En EspaŅol

Q. Who is Mr. Smarty Plants?

A: There are those who suspect Wildflower Center volunteers are the culpable and capable culprits. Yet, others think staff members play some, albeit small, role. You can torture us with your plant questions, but we will never reveal the Green Guru's secret identity.

Help us grow by giving to the Plant Database Fund or by becoming a member

Did you know you can access the Native Plant Information Network with your web-enabled smartphone?

Share

Ask Mr. Smarty Plants

Ask Mr. Smarty Plants is a free service provided by the staff and volunteers at the Lady Bird Johnson Wildflower Center.

Search Smarty Plants
    
 
See a list of all Smarty Plants questions
Can't find the answer in our existing FAQs, submit a question to Mr. Smarty Plants.
Need help with plant identification, visit the plant identification page.
 
rate this answer
Not Yet Rated

Tuesday - October 27, 2009

From: Monroe, LA
Region: Southeast
Topic: Non-Natives
Title: Care for non-native Mexican ruellia in Monroe LA
Answered by: Barbara Medford

QUESTION:

Dwarf Mexican Petunia I have found information that late in the season, when growth becomes leggy, cut back plants by as much as a half to force a new spurt of growth. Watch for tobacco bud worms, aphids, snails, and slugs. What is the most effective plan for controlling the above problems? I have grow beds and all my potted plants both in the hoophouses and out in the open are on black ground cover secured with six inch staples.

ANSWER:

You are really dedicated to those ruellia; we believe we just answered a question from you about holes in the leaves of your ruellia. They are, as we mentioned to you in our last answer, still not native to North America, and therefore out of our range of expertise.

In fact, the holes in the leaves that you asked about last time may very well have been caused by slugs or snails, the bane of any plant that is in moist soil and shading the ground for the beasties to hide. From The Garden Helper, we found this information on Controlling Snails and Slugs in Your Garden.

Apparently the tobacco budworm is quite a pest of geraniums and petunias, and this University of Florida Entomology Dept. website  on Tobacco Webworm has some suggestions, but no guarantees, on control. 

Aphids are really pretty easy to control-a good squirt of water or, if you are really serious, a good squirt of soapy water, will wash them off and they can't get back onto the plant. This University of California Integrated Pest Management website discusses the control of aphids in more detail.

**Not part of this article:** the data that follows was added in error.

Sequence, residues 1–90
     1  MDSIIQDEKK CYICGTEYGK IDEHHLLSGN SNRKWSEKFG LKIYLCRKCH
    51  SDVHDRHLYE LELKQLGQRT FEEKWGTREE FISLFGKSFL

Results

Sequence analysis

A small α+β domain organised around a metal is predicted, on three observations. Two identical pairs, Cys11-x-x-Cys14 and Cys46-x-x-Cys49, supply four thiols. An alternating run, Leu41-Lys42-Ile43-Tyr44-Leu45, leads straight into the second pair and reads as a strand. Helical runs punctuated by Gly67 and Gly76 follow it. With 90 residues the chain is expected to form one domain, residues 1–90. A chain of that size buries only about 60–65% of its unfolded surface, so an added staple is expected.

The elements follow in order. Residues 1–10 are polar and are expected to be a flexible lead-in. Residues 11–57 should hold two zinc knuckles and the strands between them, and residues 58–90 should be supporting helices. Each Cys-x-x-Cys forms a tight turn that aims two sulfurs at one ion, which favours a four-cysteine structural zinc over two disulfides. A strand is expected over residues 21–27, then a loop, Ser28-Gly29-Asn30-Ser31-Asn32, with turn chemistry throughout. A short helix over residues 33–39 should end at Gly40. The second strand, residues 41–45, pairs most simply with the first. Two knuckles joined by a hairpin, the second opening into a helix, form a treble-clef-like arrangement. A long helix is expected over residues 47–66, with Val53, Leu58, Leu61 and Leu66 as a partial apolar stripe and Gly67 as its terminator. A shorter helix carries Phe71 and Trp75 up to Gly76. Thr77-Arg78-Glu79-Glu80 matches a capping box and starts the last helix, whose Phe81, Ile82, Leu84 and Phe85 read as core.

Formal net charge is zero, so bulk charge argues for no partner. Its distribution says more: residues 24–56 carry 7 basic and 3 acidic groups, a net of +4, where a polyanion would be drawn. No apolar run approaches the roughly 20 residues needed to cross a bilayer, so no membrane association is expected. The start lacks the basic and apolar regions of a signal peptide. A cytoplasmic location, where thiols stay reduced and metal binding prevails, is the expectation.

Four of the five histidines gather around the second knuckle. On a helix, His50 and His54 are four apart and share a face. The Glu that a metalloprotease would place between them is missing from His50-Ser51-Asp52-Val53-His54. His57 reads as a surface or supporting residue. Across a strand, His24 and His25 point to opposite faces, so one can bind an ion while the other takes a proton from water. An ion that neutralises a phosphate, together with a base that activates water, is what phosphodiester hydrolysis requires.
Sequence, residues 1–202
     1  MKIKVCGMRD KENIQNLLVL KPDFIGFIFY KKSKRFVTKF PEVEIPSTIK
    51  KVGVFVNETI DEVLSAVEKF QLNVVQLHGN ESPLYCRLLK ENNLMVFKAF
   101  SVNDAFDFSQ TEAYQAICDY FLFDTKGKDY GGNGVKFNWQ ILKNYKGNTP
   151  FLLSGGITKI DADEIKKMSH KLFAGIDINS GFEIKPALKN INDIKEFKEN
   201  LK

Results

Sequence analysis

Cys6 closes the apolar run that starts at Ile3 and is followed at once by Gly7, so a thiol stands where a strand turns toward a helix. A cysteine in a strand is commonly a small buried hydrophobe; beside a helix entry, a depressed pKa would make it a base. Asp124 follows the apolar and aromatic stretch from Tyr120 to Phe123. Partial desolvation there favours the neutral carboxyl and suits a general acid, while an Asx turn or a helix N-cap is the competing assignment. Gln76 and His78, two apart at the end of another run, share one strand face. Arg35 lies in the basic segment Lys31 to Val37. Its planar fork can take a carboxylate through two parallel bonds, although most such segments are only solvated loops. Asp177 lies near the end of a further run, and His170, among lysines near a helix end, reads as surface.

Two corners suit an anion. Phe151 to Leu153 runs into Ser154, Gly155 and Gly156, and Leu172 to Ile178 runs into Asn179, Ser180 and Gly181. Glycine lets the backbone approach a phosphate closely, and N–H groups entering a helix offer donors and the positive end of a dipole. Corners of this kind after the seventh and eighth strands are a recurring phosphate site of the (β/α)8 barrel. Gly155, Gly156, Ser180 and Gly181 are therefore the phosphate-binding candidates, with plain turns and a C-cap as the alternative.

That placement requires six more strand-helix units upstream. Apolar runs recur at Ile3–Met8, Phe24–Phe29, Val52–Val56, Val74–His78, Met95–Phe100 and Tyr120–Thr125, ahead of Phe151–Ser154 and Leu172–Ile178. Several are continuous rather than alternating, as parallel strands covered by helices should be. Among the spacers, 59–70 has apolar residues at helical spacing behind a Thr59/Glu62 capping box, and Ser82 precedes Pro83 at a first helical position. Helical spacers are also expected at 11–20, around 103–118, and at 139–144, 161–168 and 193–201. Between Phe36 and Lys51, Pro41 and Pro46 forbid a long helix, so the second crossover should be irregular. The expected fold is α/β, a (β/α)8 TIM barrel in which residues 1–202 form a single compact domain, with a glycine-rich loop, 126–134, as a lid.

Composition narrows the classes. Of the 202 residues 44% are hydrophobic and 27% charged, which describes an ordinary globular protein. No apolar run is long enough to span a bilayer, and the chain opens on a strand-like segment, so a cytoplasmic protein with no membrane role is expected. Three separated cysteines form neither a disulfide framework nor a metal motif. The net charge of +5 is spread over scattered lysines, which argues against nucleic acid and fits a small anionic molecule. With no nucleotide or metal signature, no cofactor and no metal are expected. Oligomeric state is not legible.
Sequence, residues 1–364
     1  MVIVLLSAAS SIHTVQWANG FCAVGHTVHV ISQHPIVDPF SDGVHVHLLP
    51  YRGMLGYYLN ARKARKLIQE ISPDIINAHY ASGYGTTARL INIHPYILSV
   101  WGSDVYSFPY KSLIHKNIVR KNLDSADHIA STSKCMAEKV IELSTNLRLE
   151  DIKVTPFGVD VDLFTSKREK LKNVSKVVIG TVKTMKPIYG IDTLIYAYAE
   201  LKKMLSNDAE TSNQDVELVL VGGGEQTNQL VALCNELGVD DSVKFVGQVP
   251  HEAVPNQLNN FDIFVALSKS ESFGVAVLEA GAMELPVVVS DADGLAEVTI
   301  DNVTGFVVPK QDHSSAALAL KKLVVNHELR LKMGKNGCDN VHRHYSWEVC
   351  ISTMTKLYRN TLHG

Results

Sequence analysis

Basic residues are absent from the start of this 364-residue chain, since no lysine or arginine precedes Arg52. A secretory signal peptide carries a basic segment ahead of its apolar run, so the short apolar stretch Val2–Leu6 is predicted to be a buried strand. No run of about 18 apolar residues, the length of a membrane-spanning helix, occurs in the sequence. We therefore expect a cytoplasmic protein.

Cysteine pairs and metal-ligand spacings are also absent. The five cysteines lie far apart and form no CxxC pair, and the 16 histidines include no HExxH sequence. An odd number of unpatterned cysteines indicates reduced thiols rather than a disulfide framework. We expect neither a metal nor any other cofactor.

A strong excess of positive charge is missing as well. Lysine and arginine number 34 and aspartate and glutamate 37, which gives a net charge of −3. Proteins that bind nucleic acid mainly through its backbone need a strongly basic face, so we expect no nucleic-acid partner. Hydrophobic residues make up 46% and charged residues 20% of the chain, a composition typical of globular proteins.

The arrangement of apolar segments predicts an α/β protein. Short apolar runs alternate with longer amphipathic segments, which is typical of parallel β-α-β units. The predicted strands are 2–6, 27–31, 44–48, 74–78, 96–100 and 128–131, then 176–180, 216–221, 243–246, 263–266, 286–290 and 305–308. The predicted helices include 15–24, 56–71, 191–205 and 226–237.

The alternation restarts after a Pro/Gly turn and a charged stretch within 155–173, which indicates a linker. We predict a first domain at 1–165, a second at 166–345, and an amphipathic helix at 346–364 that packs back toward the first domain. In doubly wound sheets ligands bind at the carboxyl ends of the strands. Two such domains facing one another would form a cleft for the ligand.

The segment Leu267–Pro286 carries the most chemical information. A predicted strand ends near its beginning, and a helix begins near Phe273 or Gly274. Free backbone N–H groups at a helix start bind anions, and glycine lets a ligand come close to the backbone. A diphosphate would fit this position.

As for trimming your plants back in the Fall; this is always a good idea with perennials. We like to leave about 6 inches of the stalk so we will know where they will begin to emerge in the Spring and not accidentally mistake them for weeds and yank them out. 

 

 

More Non-Natives Questions

Milkweed and non-native goatweed in Austin
May 28, 2011 - Which parks or fields can we find many milkweed and goatweed in Austin, TX? I live in Austin, TX 78757.
view the full question and answer

Growing conditions for non-native Thlaspi caerulescens
June 19, 2007 - I want to know what is the best condition for growing Thlaspi caerulescens and what is its life span. Thanks
view the full question and answer

Is a mulberry tree undesirable?
June 27, 2013 - I have a hard time keeping plants alive, so I was happy when a random plant just started growing and thriving about 5 years ago in my yard. My mom (a frequent volunteer at the Lady Bird Johnson Wildf...
view the full question and answer

Planting non-native sago palm and philodendron from Pflugerville TX
September 15, 2012 - I have a small/young sago palm and philodendron I'd like to plant. Do you advise to plant them now with fall/winter approaching or wait until next spring.
view the full question and answer

Kousa Dogwood Fruit Toxic to Dogs?
October 14, 2014 - Are Kousa dogwood berries toxic to dogs?
view the full question and answer

Smarty Plants's Facebook profile Support the Wildflower Center by Donating Online or Becoming a Member today.

Mr. Smarty Plants wants you to be his Facebook friend. Click the Facebook icon to add yourself to Mr. Smarty Plants list of friends.
E-NEWSLETTER | BECOME A MEMBER | DONATE NOW | MEDIA | SITEMAP
© 2015 Lady Bird Johnson Wildflower Center